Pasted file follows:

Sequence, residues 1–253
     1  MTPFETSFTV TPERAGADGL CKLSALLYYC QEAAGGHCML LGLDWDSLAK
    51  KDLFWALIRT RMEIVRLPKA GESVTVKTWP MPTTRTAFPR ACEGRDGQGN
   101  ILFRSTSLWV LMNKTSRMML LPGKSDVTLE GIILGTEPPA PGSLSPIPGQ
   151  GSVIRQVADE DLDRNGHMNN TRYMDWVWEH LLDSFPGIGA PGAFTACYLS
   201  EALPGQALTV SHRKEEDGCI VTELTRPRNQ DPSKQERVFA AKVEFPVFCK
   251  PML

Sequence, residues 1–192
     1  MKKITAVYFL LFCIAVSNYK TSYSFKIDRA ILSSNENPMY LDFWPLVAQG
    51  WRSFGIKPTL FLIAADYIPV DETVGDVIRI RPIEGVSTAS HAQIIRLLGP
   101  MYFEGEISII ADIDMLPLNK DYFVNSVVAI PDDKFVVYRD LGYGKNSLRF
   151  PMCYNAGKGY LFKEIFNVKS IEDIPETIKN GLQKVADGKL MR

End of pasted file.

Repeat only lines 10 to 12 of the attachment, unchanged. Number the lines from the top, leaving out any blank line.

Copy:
    51  WRSFGIKPTL FLIAADYIPV DETVGDVIRI RPIEGVSTAS HAQIIRLLGP
   101  MYFEGEISII ADIDMLPLNK DYFVNSVVAI PDDKFVVYRD LGYGKNSLRF
   151  PMCYNAGKGY LFKEIFNVKS IEDIPETIKN GLQKVADGKL MR